I remember Milton Bradley (now Hasbro) games like Trouble, Parcheesi, Sorry, Monopoly, Risk, Headache, Clue, Mouse trap, Chutes and Ladders, and Candy Land. Also older games like checkers, chess, and backgammon. Those were so much fun, not to mention all the skills that I was learning at the same time. I loved to play games so much and hated when I couldn’t find anyone to play with me. When I wander through flea markets and antique shops now, I feel nostalgic as a I see these board games sitting out gathering dust or being ignored for game boys and Xbox stuff.
Many of the technology based games seem to isolate the students and keep them from interacting with others. Even if they play online games, they are missing out on seeing facial expressions and body language which are very important in learning communication skills. Learning interpersonal skills is an important job skill needed in the adult world and many people are looking for jobs without these skills. As stated in Wikipedia, “Having positive interpersonal skills increases the productivity in the organization since the number of conflicts is reduced. In informal situations, it allows communication to be easy and comfortable. People with good interpersonal skills can generally control the feelings that emerge in difficult situations and respond appropriately, instead of being overwhelmed by emotion.”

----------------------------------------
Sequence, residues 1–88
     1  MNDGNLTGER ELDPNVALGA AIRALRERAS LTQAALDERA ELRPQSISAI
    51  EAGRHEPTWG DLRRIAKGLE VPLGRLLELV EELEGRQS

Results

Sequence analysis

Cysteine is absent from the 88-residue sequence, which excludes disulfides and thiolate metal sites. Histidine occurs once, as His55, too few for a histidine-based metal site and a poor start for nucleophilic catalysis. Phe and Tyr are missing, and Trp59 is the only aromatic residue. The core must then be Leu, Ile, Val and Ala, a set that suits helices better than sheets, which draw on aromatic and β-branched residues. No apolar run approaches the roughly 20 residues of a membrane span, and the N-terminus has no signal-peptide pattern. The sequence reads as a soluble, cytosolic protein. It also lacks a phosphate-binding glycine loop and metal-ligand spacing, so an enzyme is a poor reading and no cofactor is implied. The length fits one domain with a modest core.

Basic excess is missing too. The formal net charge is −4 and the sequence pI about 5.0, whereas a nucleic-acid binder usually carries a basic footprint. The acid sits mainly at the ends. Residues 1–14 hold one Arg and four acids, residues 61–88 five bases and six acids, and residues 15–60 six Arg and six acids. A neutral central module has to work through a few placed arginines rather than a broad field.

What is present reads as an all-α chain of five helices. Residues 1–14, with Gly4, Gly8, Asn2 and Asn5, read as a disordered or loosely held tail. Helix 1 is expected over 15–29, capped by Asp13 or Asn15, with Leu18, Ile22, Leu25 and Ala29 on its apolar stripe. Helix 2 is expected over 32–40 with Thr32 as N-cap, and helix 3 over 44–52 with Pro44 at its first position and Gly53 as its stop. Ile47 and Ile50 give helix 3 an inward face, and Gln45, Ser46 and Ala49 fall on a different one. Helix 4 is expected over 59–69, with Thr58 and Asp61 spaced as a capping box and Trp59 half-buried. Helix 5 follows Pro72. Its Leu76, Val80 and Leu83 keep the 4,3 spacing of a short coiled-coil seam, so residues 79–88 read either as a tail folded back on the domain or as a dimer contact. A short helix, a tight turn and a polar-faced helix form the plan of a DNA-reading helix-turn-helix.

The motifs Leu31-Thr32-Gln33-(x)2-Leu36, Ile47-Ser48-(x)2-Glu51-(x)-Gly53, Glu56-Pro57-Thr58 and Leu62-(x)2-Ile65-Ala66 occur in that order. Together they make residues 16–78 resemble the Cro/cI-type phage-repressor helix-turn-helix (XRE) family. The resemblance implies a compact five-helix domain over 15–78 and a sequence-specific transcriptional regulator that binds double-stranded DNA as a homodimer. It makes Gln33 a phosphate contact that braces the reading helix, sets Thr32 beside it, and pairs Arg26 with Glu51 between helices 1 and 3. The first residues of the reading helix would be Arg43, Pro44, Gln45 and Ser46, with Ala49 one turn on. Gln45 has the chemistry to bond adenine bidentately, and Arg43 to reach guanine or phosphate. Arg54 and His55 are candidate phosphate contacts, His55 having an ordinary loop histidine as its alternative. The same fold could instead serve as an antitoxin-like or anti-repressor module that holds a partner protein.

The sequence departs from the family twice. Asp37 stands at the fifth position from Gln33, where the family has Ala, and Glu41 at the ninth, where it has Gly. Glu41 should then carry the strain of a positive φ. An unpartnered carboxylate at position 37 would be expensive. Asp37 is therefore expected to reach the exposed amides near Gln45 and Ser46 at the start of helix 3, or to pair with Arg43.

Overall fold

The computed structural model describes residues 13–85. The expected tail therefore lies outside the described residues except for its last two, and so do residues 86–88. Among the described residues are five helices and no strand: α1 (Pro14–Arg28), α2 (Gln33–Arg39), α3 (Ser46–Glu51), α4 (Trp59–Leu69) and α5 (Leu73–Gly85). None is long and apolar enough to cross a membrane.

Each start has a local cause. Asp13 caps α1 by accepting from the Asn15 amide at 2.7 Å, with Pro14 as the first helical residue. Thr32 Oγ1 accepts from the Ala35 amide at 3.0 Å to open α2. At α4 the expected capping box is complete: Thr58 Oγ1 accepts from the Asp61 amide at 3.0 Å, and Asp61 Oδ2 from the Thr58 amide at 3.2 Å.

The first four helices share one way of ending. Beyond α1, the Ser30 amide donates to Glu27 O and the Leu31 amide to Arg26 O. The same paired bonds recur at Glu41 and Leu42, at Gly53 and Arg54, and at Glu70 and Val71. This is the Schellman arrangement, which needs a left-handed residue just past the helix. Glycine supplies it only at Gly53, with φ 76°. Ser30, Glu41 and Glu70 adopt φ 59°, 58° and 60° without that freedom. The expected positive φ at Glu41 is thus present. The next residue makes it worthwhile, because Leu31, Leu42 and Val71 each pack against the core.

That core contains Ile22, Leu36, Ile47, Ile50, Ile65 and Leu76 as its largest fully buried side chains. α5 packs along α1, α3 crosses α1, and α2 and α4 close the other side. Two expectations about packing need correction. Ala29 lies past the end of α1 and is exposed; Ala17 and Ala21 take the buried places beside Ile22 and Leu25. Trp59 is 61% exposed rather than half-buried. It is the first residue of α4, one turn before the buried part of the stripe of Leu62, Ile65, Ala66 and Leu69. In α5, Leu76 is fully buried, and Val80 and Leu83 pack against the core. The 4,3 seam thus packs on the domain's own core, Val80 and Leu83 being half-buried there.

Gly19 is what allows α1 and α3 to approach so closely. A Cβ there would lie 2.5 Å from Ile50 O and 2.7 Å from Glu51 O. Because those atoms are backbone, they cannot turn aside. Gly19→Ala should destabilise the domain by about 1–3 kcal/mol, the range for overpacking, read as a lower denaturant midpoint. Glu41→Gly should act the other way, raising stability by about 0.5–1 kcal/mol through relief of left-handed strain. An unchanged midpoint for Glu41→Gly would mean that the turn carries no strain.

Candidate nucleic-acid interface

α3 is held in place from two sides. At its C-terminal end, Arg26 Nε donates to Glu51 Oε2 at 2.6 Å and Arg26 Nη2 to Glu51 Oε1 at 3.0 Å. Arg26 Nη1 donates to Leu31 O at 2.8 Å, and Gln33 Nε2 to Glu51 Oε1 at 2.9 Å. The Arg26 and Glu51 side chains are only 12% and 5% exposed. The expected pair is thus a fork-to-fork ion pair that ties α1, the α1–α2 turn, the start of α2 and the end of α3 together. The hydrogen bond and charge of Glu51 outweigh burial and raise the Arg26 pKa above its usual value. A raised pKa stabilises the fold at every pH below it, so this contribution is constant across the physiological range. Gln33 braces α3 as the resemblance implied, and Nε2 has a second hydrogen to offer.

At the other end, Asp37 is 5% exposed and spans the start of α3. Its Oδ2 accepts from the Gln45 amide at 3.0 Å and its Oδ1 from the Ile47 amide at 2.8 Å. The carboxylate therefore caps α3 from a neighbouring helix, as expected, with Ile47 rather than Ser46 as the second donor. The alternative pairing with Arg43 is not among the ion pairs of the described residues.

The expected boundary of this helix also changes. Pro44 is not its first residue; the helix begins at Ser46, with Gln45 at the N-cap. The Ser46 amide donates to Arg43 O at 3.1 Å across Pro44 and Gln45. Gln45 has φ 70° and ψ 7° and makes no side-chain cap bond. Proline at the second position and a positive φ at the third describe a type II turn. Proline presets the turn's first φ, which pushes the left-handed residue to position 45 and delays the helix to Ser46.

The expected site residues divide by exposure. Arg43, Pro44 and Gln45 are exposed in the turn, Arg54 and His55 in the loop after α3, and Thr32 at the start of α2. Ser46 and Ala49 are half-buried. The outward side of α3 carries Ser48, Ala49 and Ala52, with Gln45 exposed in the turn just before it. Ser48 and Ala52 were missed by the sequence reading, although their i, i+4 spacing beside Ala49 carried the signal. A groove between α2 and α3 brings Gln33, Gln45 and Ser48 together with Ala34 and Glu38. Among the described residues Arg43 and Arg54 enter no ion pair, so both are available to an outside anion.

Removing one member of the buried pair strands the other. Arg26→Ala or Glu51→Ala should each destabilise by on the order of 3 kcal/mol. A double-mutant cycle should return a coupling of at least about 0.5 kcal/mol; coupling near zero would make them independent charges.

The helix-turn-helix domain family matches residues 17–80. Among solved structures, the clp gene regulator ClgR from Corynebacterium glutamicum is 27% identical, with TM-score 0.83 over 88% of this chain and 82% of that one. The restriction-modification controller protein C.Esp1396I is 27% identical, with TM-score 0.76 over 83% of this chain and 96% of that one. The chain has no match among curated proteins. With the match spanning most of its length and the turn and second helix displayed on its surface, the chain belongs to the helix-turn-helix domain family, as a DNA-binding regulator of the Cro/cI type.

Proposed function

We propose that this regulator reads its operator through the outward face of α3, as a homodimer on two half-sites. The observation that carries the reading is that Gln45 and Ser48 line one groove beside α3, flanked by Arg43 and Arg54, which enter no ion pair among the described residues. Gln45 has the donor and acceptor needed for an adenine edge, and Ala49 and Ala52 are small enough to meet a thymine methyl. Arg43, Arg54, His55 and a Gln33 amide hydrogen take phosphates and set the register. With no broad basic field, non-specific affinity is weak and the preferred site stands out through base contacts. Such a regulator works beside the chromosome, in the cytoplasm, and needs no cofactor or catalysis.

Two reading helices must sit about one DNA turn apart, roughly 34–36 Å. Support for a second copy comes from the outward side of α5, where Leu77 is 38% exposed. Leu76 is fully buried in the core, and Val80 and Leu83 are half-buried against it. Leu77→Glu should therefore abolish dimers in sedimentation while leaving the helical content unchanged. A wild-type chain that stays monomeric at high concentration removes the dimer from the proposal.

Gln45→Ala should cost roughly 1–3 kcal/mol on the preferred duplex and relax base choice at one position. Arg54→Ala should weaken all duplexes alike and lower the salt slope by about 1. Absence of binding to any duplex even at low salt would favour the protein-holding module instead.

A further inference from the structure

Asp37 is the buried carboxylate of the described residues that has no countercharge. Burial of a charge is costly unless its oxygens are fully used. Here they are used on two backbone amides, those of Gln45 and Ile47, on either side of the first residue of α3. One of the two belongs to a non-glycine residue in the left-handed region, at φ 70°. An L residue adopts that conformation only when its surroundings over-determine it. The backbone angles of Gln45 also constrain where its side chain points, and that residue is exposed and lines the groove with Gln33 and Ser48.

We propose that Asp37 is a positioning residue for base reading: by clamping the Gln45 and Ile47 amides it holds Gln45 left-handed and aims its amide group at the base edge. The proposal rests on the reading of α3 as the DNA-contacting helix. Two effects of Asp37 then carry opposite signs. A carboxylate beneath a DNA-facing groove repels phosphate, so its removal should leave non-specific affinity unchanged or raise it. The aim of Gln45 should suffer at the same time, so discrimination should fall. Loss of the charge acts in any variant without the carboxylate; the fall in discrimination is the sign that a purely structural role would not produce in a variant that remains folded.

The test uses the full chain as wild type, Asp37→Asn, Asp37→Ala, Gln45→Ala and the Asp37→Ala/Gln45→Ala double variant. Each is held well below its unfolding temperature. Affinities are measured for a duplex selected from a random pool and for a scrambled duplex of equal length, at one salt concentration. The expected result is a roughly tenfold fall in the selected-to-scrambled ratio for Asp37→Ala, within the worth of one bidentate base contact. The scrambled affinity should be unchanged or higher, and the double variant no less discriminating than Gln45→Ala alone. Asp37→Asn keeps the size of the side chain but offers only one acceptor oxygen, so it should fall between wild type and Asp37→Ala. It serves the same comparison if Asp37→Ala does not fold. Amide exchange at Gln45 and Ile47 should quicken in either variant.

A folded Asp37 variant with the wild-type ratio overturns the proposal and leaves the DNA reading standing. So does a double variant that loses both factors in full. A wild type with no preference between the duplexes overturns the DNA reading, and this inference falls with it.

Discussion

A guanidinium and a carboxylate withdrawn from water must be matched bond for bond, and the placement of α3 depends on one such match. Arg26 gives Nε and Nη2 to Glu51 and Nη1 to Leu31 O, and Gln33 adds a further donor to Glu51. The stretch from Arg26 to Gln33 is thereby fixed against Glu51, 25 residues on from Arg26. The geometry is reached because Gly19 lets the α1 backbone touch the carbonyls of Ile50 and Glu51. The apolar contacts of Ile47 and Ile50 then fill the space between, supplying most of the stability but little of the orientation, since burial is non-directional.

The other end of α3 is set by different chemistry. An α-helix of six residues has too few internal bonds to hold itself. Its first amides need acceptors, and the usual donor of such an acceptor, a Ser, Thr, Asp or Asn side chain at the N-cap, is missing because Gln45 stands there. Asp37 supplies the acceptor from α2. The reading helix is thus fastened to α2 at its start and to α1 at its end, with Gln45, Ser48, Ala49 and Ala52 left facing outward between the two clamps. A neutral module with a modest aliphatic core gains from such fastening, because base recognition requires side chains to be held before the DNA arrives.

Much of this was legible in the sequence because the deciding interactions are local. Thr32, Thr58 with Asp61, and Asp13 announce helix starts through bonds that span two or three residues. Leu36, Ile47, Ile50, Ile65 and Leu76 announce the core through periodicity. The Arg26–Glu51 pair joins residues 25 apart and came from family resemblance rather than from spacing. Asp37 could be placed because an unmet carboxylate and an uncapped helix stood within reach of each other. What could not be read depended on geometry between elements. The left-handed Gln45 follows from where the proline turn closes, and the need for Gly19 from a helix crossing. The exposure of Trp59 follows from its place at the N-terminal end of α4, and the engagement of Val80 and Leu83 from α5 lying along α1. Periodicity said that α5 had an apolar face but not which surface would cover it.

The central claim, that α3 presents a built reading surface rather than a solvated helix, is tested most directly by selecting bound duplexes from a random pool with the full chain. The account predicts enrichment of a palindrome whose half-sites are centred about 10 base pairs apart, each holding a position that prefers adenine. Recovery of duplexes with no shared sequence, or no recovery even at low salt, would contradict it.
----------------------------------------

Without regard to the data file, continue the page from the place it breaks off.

Elementary level board games can be used to teach counting, colors, and reading. Learning to plan strategies is an important skill on the higher level games. By learning to take turns, laughing, and having fun without being hateful, students learn many social skills through playing board games. Critical thinking takes place during these games.
When I first introduced Trouble to my students, they acted like I was teaching them a foreign language. Eventually they understood what they had to do and they loved it! After that we moved on to the game Sorry, and I even made them apologize to the person when they landed on them and sent them back home. It was so refreshing to see them playing nicely and having fun. During these games, we even had to address the issue of cheating so it was truly a learning experience for all.
I know technology is important and I even feel it is essential to the learning environment but I feel that we can’t throw away many of the earlier methods of learning either. Many of the “old” ways were effective and just as important as technology is. I believe that playing board games teaches many skills that are needed in order to be successful in life.
Original image: 'Wanna play?' http://www.flickr.com/photos/85966598@N00/293314242